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Could Iran's Rouhani soon face the 'deep opposition' that Egypt's Morsi encountered?

It seems that without the role that the deep-opposition’s pessimism of the intellect played, the shallow opposition’s optimism of the will could never have claimed victory.

Ahmad Alehossein
6 August 2013

“Iran has a ‘deep state’ where the real power lies and a ‘shallow state’ where politics happens”, writes Walter Russell Mead in The American Interest. “While voters understand very well where the real power lies, they still choose to participate in the political process. The Supreme Leader may be less worried that his pet candidates did poorly in the election than he is pleased to have an electoral process that lets voters blow off steam while the deep state rolls on”, he adds.

Mead’s comment points to the complexity of power in Iran. However, one can argue that Iranian political culture as well is not far less complex. I believe the same sort of structure can be attributed to Iranian civil society. It consists of at least a ‘shallow opposition’ which pragmatically argued for taking part in the 2013 presidential election despite the persisting traumatic memory of the post-2009 election that killed in many any optimism for reforming the regime, as opposed to a ‘deep opposition’ that argued full-heartedly for boycotting the elections.

Elections in Iran are those very exceptional moments when many groups and individuals can step out of their apolitical everyday life and find themselves as participants in an imperfect but still significantly meaningful dialogue with others. Internet has of course added a new dimension to this. I was deeply engaged in many debates that happened between these two tiers of Iranian civil society in the social media space before the election. Each side could hardly convince the other one about their electoral position. Many reasons were raised in favour and against participation. The shallow opposition argued for a more pragmatic approach to politics where the “moral principles must be suspended in favour of a possible practical outcome.” It was argued that at least symbolically, “our right to vote for which we have been struggling over a century would be exercised and preserved.”

On the other side, the deep opposition argued, “voting within the authoritarian framework of the regime is nothing but endorsing its legitimacy.” But, “the regime can still manage to set up the stage for an internationally acceptable turnout,” the shallow opposition argued. “Yes, but the international community is not blind or stupid,” the deep opposition responded. “There is no alternative to this broken ballot box at the moment” and “we cannot ignore the very limited chance the regime had to give us,” a senior academic uttered in Rouhani’s TV ad.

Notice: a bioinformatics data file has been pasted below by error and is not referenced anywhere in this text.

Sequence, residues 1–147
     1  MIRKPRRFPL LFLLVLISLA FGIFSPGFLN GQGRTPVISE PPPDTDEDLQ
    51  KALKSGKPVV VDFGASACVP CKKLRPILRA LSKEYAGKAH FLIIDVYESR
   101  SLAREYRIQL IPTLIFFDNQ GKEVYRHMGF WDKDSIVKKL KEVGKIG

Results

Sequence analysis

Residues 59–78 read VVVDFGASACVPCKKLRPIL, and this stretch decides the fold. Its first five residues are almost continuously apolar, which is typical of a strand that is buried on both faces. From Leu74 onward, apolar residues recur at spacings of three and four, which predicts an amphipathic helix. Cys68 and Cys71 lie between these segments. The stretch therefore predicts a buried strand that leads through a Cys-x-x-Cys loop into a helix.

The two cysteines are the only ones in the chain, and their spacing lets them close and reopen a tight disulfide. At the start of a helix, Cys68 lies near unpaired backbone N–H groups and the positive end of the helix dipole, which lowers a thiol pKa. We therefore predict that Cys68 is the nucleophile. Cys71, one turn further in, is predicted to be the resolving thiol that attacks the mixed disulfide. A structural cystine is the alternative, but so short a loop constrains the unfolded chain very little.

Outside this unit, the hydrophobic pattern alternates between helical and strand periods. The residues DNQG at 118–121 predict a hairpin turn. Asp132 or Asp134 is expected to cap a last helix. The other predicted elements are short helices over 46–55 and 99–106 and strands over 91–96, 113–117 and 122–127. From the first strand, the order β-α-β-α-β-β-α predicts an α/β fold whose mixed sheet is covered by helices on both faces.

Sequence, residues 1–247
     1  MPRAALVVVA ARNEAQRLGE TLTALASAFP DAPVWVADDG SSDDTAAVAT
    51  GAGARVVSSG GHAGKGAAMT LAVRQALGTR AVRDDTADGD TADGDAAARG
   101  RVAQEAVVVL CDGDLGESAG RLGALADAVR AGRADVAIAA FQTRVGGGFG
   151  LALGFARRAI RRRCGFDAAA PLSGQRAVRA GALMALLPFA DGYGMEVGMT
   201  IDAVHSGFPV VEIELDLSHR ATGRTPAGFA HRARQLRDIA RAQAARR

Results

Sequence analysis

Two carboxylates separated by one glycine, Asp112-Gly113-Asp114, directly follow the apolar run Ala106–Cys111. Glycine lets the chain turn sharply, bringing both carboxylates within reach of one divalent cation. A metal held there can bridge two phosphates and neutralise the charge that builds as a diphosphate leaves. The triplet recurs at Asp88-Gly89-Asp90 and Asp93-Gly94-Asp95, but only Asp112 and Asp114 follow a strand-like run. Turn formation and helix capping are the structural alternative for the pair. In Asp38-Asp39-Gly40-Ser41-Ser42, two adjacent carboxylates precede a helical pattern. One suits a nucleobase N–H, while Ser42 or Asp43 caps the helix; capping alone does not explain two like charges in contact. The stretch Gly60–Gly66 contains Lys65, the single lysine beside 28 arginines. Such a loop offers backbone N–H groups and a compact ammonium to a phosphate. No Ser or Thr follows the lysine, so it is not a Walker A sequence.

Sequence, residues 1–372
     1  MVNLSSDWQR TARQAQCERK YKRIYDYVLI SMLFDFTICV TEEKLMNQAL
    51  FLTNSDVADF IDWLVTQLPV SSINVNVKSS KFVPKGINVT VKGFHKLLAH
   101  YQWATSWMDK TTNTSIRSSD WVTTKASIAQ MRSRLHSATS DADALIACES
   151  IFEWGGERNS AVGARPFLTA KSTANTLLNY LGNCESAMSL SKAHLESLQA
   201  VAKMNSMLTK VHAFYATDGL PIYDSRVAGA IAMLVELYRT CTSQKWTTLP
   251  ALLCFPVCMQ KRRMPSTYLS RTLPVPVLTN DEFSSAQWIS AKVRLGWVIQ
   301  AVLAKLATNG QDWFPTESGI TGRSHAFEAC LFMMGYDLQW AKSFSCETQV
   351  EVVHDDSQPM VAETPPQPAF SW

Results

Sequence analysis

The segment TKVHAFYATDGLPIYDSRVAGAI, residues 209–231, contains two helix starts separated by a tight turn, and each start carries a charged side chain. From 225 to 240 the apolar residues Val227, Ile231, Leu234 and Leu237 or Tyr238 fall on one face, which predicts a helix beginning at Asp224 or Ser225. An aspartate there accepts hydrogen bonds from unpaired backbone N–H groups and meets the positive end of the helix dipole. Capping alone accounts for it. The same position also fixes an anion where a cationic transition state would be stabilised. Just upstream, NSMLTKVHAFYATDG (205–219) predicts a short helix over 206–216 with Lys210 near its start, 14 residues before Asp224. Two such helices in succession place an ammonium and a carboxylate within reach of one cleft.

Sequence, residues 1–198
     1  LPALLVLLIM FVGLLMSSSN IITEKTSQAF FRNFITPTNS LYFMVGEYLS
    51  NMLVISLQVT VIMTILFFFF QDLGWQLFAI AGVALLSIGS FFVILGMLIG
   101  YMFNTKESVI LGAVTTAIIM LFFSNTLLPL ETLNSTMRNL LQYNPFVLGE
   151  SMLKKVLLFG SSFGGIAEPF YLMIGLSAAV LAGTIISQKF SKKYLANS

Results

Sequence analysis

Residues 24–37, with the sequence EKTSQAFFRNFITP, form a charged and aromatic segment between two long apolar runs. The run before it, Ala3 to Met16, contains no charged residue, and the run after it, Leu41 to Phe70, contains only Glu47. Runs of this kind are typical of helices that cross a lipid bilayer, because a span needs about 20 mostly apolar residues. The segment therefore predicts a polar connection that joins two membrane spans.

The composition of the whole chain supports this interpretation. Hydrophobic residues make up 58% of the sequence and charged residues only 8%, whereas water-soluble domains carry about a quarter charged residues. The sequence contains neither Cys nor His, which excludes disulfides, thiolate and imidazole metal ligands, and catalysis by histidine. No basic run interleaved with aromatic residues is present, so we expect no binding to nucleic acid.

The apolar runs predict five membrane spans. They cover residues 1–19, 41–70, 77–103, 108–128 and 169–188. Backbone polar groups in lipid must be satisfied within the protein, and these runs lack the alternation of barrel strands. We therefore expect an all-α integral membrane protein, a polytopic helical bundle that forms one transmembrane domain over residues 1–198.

There are certainly alternative ways of influencing change; “Iran needs an Iranian Spring not just another period of illusive reform.” “Iranians like their Turkish counterparts should occupy public spaces,” the deep opposition stated. “Election is a public space to be occupied” and “an Iranian Spring can lead us to a failed horrible Syrian-like winter”, since “the power structure in Iran is more similar to the Syrian power structure, than the Egyptian or the Tunisian one.” 

Initially the ‘deep opposition’ gained momentum and became even stronger when Rafsanjani was ousted from running for the race. The deep opposition did not see Rafsanjani as a favourite candidate. However, the rejection of Rafsanjani’s candidature left no doubt about the lack of willingness in the regime for even the minimalist change that a pragmatist-conservative like him could have brought about.  The pre-election polls expected a poor turnout. This relaxed the hardliners and conservatives; rigging the election and therefore paying a huge social and political cost for the second time appeared to be a less viable option. Since the turnout seemed to be low, the conservatives found less incentives to sort out their internal divisions and work out an alliance against the only moderate rival. Besides, Hassan Rouhani did not appear to be a serious challenge to them. The initial rise of the boycott movement also convinced the leaders of the necessity of repairing state legitimacy.

The conservatives predicted that even the worst-case scenario would be a second round in the election process, where they could then plan to defeat Rouhani by getting united behind the more likely winner, and at the same time secure a legitimate victory. This miscalculation was the result of the ‘deep opposition’ (boycott movement) and the unpredictability of the electoral behaviour of a vast number of ordinary voters in regional areas with no identifiable ideological loyalties.